All Saints West MP to listen to creatives before making moves in new ministry

Minister of Creative Industries and Innovation, Michael Browne (right), with Governor General Sir Rodney Williams shortly after he was sworn in on January 3 (Photo by Makeida Antonio)
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By Orville Williams

[email protected]

Before taking any significant steps in his new Cabinet role, Member of Parliament for All Saints West, Michael Browne, assures that he will be giving a listening ear to creatives and other beneficiaries of his leadership.

Browne was officially sworn in as Minister of Creative Industries and Innovation during a ceremony at Government House on Monday, following a year-long absence from the Cabinet due to legal challenges.

At that ceremony, the minister was asked by Observer whether he would be moving immediately to put structures in place to support the embattled creative sector, which is among those worst hit by the ongoing Covid-19 pandemic.

He explained that he is planning to engage those who will be involved, either by carrying out his directives or benefitting from them, before making any moves.

“One of the things that I’ve realised, especially the way how we execute the All Saints West marketplace, is most times – before I start with the assumption of what people need – it’s best to sit down, talk to them and find out exactly what their needs are.

“I think sometimes, there’s this approach that you go into a situation and you think you know what people are asking for…but sometimes what they really need is just a voice.

“So, my first order of business is to listen more than anything else. I don’t want to go with preconceived assumptions, I just want to sit down and listen and hear what the concerns are,” he explained.

The All Saints West MP will certainly have his work cut out for him, considering the sustained disgruntlement from creatives in Antigua and Barbuda about the meagre level of support the creative sector receives and the lack of substantial avenues for their work to be recognised.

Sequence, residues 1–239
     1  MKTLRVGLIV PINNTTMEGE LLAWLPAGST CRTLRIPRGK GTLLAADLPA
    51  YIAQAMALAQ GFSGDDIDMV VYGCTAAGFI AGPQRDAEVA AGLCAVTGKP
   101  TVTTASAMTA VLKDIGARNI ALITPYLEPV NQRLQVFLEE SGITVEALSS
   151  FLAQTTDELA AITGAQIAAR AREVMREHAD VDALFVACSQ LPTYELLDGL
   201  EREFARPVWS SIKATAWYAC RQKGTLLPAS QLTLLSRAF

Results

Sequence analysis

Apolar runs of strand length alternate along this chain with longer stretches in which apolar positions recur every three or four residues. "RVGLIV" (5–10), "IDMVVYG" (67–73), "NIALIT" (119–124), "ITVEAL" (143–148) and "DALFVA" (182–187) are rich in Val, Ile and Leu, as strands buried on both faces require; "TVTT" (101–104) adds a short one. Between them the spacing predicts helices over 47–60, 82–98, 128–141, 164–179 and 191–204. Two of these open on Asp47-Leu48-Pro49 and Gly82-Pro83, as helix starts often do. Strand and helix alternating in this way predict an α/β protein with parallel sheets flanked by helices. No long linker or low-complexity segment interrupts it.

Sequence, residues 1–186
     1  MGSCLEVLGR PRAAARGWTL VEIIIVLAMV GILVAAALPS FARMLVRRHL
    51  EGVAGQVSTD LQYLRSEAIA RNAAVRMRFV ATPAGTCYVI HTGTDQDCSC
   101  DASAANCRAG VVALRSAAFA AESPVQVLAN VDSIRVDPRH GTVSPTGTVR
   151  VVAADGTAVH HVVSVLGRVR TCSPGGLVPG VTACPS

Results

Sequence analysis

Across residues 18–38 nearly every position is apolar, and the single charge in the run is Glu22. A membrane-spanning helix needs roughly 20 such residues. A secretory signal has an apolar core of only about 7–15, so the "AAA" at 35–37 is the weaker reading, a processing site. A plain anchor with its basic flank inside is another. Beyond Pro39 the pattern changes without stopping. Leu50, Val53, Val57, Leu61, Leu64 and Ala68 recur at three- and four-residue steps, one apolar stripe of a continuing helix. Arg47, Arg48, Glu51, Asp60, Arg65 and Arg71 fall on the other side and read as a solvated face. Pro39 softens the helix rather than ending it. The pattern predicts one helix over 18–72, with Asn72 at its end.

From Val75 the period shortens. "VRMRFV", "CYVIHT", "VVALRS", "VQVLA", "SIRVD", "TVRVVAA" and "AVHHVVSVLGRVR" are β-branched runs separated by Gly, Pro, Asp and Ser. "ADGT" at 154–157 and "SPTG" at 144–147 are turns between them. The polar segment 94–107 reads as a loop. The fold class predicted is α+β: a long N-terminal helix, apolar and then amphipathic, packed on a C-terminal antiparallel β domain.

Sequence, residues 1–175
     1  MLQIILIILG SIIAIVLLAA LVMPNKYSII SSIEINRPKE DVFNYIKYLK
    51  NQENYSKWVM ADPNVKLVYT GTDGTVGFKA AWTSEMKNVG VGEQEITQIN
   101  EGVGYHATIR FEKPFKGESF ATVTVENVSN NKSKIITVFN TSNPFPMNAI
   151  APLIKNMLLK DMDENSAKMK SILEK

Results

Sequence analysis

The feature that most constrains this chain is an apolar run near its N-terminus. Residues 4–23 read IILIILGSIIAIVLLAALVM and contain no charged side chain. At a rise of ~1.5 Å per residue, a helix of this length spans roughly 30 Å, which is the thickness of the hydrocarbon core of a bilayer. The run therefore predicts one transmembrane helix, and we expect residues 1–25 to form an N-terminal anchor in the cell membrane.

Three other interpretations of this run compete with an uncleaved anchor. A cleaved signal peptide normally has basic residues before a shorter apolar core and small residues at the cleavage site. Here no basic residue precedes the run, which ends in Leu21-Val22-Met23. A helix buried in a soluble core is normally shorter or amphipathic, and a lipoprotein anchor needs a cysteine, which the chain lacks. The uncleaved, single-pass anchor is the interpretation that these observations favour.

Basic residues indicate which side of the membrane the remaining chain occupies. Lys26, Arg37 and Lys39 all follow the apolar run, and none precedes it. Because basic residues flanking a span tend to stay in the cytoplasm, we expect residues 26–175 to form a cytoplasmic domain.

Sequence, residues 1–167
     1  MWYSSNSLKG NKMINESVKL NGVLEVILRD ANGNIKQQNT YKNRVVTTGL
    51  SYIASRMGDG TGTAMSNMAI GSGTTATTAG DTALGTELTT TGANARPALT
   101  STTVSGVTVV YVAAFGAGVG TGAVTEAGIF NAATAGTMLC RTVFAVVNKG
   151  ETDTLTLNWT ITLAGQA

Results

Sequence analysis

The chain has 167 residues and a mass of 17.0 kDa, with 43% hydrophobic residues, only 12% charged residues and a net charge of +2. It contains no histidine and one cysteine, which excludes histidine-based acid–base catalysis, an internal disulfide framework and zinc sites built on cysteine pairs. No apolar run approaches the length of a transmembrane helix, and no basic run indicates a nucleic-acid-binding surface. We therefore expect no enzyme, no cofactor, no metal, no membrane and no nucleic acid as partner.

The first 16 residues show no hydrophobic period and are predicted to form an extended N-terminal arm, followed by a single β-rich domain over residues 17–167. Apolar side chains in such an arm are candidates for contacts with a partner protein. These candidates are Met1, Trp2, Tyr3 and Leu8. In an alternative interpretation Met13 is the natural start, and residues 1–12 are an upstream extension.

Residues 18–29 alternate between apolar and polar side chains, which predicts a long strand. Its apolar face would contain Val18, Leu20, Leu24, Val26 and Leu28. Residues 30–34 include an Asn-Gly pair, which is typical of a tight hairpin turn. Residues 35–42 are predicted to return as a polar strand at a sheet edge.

This has long been a problem for many – from graphic and costume designers, dancers and theatre performers, artistes and musicians, sculptors and writers, and many others – as Browne will certainly learn once he engages with those in the industry, but the minister is confident in the potential for growth.

“I thank the Prime Minister for his trust in putting me in such a powerful ministry. It’s a ‘little but tallawah’ ministry and I am one of those persons [who is] looking forward to the possibilities that can be created. [That’s why] I definitely want to start by listening first.

“I don’t want to articulate a policy without having spoken to the persons who will be responsible for carrying out the policy and who will benefit from the policy. It’s good to just talk to people first,” Browne said.

One of the early efforts the minister could make to support the creative sector, according to some creatives who spoke with Observer, is to recover the responsibility of hosting CARIFESTA.

Antigua and Barbuda pulled out of hosting the 15th edition of the festival in 2022, after being forced to postpone its original staging back in August 2020 due to the Covid-19 pandemic.

Culture officials have told Observer that the matter is essentially out of the twin island nation’s hands and is now in the hands of the Caribbean Community (Caricom) grouping, but the creatives say they would be overjoyed if Browne could ‘pull a rabbit out of a hat’ by bringing the festival and all that it could provide for the industry, back to our shores.

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